Operating Close to the Edge
Here’s something I learned from my friend Paul. He has a metric he applies to characters in a book or a movie. He asks, “How close are they to the edge?”
What he means is, “How desperate is this character? How capable is he of going to extremes?”
Paul’s theory is that, if we want to write a character who is riveting, we have to give that character a moment to perform some extravagant action—the sooner in the story the better. The character has to announce to the audience, “I am hanging on by my fingernails. Don’t take your eyes off me because I am capable of doing anything.”
According to Paul, the closer a character is to the edge, the more interesting he will be and the more potential drama he will bring to the story.
Take Tony Soprano. Part of what made that character so watchable—and this is true of just about every character on The Sopranos or Breaking Bad or Mad Men (to cite only cable dramas)—is that they were ready at any moment, it seemed, to take off-the-wall action. The clerk in a donut shop keeps Christopher waiting; the next thing you know, Christopher has his gun out and is shooting the dude in the foot. Carmela flirts with her priest and falls in love with Furio, her husband’s bodyguard. Even the most minor, minor character—Vito Spatafore’s troubled prepubescent son—is capable of an action that makes us cover our eyes and cringe.
They’re operating close to the edge.
Why is that good for drama? Because a protagonist, whether it’s Richard III or Emma Bovary or Mathew McConaughey as Mud (or as Dallas in Magic Mike or Ron Woodroof in Dallas Buyers Club), if he’s going to make the story work, has to be willing to push the drama to the limit. The hero must be capable of wringing the last ounce of revelation from the story. If he stops short, we walk out grumbling and cursing.
Sometimes the Coen Brothers (I’m a big fan) will write characters who are not close to the edge. Llewyn Davis is one. It almost never works. The brothers are doing it deliberately, though I confess I haven’t been able to figure out why, or what they’re trying to accomplish, though I commend them for the effort.
In real life of course, most of us try to stay as far from the edge as possible. We don’t seek danger. We don’t tempt fate. We want a nice, quiet life so we can raise our family, keep our job, do our work.
That’s great for real life, but it’s hell for a dramatic protagonist.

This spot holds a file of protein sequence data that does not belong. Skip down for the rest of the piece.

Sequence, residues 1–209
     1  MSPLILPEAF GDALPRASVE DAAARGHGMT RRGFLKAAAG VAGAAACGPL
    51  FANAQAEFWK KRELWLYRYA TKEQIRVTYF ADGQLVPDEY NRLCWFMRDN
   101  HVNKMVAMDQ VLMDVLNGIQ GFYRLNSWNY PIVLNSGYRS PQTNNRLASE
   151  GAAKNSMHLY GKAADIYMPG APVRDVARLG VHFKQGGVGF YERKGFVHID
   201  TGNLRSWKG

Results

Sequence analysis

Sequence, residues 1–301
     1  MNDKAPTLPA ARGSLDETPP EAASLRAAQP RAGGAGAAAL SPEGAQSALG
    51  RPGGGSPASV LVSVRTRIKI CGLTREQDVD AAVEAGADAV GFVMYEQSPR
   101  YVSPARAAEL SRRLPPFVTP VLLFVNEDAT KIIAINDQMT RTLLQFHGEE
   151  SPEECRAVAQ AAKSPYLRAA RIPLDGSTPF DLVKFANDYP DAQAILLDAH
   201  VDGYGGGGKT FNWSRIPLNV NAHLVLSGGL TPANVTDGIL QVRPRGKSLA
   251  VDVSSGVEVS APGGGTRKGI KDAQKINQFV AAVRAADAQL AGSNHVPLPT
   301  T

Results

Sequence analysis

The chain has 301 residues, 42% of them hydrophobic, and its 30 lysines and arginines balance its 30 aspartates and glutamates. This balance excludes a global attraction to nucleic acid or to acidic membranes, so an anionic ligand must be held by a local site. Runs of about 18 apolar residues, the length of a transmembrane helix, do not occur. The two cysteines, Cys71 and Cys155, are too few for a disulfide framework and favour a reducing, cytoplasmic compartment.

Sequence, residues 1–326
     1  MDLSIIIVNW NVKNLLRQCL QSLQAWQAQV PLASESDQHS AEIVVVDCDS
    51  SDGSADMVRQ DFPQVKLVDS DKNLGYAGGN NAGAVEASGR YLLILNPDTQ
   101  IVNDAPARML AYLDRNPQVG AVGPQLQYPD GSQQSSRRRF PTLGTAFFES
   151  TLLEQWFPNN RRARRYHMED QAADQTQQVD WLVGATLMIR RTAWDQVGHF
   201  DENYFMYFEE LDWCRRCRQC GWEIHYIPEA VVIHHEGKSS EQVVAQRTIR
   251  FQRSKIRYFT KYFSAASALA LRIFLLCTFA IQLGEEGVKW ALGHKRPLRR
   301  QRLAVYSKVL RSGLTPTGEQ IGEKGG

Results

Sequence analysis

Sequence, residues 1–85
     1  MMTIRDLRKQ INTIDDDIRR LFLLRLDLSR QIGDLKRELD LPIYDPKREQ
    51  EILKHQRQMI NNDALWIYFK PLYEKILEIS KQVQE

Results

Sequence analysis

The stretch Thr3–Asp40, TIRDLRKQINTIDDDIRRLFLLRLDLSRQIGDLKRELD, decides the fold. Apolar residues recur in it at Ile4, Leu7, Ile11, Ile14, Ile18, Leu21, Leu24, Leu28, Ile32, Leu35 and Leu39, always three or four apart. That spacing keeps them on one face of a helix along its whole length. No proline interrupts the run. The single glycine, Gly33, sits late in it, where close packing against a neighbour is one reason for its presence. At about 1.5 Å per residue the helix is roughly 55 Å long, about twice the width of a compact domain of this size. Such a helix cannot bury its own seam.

Why did Anthony Weiner’s story stay so long on the front page? Because we could sense that he was close to the edge. He had to be, or why would he do what he did?
We’re drawn to characters who look like they’re about to implode or explode. Why? Because we’ll learn something when they do. We’re waiting for the train wreck. So we can see human nature raw and exposed.
In real life, most ready-to-blow characters back off short of the ultimate explosion. They apologize to the press like Chris Christie. Or they recede from public view like Edward Snowden.
That doesn’t work for drama. The character has to stay out front, and he or she has to keep edging (or barreling) closer and closer to the edge. You, the writer, have to push them there. And with each step, their actions have to show us more about the nature of the human heart.
The writing of drama is a crazy business. The practitioner needs to keep her own life simple and safe so she can do her work. But her characters have to go all the way to the edge—and over.
In Shawn’s upcoming book, The Story Grid, he explores the dozens of reality-check questions that the writer has to ask himself about his work (or his editor has to ask). What’s my inciting incident? What does my protagonist want? What are the conventions of the genre I’m writing in and have I adhered to them or, if I’ve violated them, what is my purpose?
Paul’s is one of those questions: “How close to the edge are my characters?”
And how can I push them even closer?
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